Again, with many businesses only too aware of the potential size of this particular sector, there were several solutions on offer. While Denmark's Rockwool and Ireland's Kingspan offered vacuum insulation panels suitably contoured for internal use, Leicestershire-based Radmat Building Products was looking more at tackling the external challenges via its ProTherm Quantum inverted roofing insulation, said to be far thinner than the industry standard, while just as effective and wholly recyclable.
As anyone who has visited the UK, whether for work or leisure, can testify, any construction project that fails to factor in dealing with excessive precipitation is likely to come a cropper. In line with this, while a moderate downfall can be collected for later use or discharged into drains, excessive rain can easily lead to flooding unless some allowance has been made.
One common approach is to ensure that any paved areas of a development have a degree of permeability, which slows run-off while also benefiting nearby trees and shrubs. One company that has developed a bespoke solution to this is Essex-based Ronacrete, with the construction-products specialist keen to promote its RonaDeck EcoPath UV system. Sustainable Urban Drainage Systems (SuDS) compliant, the effectiveness of this permeable, paved surface has been further enhanced via the incorporation of recycled rubber granules.
While excessive rain is likely to remain a perennial British problem, the country has had more luck in terms of tackling its air quality issues over the past half-century. Despite this, it is far from unknown for air quality in many of the UK's larger cities to fall well below WHO-recommended levels, with some going as far as to say that London had a higher air particulate concentration than famously smoggy Beijing in early 2017.
In light of such concerning figures, as well as the huge public awareness of this particular issue, improving air quality in the built environment has become something of a priority. Looking to capitalise on this was Airlite, a northern Italy-based company offering a range of paint said to neutralise air pollution. Through its harnessing of the photo-catalytic oxidisation effect of titanium dioxide, the paint also destroys bacteria. For those unconvinced of the ubiquity of such a product, a more conventional solution came courtesy of Leicester-based Blauberg UK, most particularly with its Building Research Establishment (BRE) approved mechanical ventilation system, complete with heat-recovery units.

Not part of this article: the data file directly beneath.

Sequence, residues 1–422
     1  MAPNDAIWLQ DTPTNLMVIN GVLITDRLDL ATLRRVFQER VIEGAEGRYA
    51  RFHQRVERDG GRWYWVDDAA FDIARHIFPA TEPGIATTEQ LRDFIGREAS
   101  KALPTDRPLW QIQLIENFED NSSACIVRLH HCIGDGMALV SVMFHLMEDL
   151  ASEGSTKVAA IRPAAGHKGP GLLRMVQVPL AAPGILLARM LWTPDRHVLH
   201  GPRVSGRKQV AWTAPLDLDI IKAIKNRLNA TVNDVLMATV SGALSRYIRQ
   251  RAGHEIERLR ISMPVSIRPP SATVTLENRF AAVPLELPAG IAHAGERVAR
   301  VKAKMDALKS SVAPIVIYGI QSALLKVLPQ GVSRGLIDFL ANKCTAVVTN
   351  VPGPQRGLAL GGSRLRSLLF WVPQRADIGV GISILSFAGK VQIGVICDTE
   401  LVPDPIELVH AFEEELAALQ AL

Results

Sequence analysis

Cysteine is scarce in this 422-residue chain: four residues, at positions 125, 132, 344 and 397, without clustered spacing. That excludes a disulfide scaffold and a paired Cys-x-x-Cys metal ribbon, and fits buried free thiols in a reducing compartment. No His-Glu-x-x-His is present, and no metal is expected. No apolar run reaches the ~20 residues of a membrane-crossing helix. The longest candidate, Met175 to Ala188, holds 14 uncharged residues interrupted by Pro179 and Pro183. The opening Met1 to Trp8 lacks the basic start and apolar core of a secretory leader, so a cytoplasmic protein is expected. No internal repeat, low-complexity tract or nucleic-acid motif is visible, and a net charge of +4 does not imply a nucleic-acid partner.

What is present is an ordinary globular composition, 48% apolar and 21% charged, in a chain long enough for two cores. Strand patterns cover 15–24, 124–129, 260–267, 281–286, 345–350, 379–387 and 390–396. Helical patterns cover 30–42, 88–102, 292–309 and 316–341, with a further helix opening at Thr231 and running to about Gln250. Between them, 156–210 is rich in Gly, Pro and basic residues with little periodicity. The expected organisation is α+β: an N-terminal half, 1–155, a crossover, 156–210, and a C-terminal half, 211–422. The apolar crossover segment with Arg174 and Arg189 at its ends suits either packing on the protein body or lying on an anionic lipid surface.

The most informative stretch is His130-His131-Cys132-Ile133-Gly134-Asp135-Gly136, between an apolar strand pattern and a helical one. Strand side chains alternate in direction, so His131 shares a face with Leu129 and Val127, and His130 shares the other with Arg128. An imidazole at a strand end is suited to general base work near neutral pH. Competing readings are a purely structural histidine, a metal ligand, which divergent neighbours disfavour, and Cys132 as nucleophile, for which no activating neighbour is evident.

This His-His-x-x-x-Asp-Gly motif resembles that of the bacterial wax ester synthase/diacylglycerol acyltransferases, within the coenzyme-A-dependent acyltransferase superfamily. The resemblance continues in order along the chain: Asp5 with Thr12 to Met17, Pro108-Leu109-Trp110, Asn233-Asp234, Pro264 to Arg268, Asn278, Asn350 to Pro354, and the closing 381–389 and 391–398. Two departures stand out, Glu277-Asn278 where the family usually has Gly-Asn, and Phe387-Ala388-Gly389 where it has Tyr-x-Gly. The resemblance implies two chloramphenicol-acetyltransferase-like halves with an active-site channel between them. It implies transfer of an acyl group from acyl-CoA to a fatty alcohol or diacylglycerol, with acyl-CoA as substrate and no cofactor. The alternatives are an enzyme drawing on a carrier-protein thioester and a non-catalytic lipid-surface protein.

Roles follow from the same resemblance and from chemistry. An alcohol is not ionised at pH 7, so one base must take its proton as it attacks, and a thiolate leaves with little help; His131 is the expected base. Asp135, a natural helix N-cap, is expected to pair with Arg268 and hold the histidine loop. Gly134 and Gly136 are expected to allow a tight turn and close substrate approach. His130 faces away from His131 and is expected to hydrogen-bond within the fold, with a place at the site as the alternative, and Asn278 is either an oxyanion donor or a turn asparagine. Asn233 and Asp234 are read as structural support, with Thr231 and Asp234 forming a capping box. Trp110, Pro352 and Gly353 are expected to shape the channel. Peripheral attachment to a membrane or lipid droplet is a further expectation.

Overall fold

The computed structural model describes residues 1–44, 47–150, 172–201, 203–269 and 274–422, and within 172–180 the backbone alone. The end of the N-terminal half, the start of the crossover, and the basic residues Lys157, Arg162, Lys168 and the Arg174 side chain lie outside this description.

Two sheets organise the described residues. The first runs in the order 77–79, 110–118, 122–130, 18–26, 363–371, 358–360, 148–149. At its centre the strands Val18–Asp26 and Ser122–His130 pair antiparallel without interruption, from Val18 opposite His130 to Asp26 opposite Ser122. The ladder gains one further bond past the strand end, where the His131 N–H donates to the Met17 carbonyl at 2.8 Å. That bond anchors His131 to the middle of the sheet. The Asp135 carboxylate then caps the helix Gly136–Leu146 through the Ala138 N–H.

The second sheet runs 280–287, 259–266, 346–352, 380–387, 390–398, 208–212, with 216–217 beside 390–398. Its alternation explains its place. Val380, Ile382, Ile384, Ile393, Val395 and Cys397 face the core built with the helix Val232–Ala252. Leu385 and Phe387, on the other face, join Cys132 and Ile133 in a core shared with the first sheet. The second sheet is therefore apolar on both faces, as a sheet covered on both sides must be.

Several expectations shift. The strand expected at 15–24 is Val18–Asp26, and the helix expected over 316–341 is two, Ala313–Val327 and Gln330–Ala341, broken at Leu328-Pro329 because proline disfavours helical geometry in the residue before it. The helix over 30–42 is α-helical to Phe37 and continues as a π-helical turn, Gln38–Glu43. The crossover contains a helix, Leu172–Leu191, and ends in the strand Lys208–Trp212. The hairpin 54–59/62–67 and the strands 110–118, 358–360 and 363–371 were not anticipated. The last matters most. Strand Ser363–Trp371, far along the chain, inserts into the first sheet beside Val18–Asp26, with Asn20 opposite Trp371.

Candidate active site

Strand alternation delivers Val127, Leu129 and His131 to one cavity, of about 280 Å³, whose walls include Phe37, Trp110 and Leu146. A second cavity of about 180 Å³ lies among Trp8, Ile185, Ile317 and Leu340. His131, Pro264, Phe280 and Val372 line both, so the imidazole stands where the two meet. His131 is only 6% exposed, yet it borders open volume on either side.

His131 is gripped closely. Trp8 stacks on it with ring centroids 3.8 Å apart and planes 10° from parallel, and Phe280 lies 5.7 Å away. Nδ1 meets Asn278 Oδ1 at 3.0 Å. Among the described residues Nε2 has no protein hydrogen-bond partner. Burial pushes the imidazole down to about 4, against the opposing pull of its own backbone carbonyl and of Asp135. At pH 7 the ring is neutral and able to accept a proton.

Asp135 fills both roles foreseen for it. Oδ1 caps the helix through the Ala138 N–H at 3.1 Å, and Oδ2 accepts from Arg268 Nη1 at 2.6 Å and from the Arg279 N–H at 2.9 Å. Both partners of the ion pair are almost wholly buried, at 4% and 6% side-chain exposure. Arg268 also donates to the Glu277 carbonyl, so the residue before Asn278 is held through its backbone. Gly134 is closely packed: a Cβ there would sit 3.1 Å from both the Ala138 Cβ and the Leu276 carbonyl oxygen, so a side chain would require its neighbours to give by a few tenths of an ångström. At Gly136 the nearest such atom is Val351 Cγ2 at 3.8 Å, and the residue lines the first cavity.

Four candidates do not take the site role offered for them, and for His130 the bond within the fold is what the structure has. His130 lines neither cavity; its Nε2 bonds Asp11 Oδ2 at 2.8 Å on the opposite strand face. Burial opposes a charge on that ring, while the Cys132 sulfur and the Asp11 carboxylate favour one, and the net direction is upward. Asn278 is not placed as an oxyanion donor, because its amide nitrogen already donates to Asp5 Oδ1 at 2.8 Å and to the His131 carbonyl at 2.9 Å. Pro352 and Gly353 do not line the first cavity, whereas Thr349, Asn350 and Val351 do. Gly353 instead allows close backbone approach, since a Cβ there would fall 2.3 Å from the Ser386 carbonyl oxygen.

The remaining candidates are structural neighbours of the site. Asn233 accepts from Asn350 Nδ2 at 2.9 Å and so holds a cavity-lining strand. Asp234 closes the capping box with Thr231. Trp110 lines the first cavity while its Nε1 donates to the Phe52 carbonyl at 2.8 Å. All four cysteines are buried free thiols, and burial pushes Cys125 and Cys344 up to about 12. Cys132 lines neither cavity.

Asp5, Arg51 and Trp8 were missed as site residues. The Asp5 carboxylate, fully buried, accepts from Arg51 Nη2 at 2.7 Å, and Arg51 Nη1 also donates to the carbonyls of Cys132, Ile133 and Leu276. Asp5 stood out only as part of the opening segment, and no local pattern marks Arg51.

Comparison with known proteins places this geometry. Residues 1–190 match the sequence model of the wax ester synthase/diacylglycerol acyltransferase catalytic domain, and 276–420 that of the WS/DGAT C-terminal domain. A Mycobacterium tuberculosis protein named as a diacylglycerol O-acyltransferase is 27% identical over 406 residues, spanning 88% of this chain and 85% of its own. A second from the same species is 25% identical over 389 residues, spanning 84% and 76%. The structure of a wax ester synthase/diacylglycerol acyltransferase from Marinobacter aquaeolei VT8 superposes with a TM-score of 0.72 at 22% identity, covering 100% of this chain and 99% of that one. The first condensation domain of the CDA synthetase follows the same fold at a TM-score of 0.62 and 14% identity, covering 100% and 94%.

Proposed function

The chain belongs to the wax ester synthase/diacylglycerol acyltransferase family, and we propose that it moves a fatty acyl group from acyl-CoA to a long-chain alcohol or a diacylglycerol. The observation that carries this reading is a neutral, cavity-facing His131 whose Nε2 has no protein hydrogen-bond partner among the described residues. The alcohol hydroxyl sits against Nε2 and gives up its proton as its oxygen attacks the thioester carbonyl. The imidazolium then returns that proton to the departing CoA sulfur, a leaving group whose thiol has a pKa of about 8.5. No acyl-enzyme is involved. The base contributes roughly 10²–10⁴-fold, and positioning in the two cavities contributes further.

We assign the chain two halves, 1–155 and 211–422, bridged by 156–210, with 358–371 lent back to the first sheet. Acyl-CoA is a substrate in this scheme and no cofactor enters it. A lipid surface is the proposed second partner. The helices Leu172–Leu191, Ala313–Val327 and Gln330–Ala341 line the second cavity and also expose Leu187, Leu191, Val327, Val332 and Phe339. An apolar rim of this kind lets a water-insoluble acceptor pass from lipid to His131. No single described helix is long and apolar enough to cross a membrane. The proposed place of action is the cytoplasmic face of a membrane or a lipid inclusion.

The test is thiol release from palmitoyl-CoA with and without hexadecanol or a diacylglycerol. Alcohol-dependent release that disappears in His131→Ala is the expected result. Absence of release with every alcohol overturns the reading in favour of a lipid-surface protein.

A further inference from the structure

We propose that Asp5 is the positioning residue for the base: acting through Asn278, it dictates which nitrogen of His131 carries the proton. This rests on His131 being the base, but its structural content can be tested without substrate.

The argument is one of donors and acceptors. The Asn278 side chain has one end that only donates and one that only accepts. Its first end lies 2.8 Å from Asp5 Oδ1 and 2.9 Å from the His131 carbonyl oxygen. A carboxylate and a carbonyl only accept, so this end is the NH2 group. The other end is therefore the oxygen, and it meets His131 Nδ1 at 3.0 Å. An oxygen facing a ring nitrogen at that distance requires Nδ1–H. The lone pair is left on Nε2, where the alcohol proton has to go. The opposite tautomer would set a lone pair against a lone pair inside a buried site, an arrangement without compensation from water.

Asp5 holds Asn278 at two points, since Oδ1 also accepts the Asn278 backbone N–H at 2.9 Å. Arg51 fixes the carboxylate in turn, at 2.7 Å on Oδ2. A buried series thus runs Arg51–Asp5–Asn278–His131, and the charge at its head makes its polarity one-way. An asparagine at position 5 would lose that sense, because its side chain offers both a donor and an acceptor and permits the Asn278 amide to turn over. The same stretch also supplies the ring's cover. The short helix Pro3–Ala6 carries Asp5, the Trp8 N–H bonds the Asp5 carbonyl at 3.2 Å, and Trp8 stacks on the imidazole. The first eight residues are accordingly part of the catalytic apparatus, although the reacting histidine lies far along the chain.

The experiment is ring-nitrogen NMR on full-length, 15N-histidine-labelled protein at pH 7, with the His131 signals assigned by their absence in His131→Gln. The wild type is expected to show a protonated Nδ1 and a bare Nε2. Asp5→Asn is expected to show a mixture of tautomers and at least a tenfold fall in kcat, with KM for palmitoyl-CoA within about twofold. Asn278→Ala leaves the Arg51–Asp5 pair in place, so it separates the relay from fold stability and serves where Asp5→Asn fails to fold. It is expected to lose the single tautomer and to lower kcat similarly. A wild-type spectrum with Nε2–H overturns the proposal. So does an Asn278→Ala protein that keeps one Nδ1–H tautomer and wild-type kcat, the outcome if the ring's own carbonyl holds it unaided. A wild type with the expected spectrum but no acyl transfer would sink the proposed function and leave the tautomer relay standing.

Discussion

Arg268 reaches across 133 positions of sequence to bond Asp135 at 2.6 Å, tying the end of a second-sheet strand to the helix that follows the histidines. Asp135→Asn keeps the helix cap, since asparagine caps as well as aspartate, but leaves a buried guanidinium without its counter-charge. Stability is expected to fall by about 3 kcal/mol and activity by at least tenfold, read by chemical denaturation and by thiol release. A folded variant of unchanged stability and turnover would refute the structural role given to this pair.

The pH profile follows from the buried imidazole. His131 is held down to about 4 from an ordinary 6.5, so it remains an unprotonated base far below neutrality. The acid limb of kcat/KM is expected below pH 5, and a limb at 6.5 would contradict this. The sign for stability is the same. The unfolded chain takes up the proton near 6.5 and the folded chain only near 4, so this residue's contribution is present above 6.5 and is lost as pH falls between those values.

Perhaps as another consequence of the notorious foibles of the British climate, heating is always a big issue at Ecobuild, with this year's event, again, having a seminar programme entirely devoted to its associated challenges and all the latest related innovations. For 2018, one of the most well-attended heat-related items on the event schedule was the Department for Business, Energy and Industrial Strategy-sponsored Heat Networks Lounge, which gave showgoers the chance to buttonhole any passing expert.
Overall, with interest notably up in both ground-source and air-source heating this year, there was range of solutions on offer for both variants. For the former, you could do worse than having a chat with Lodz-bases Aspol FV, which had made the 3,000km round trip to London to promote its EnerGeo ground source heat pump system. In the case of the latter, Austria's Ochsner had taken a 400km shorter trip to showcase its own range of air-source heat pumps.
It was a comparatively local company, Newton Aycliffe-based Go Geothermal (800km there and back), though, that seemed to be attracting particular scrutiny with its wide range of heat pumps and distribution equipment. Singled out for the most attention was the company's AirVolt Plus system, which utilises innovative aerovoltaic solar panel technology.
While generating electricity through conventional photovoltaic cells, it also features an insulated cavity, which allows air to be heated in the same fashion that water is heated in passive solar panels. The warm air is then aspirated, filtered and distributed around the home. As something of a bonus, unwanted heat can then be stored in the company's Store H solar heat battery.
Ecobuild 2018 took place from 6-8 March at Excel London. The event featured more than 450 exhibitors, as well as 500 industry speakers, while also attracting some 26,500 visitors.
Glenville Holmes, Special Correspondent, London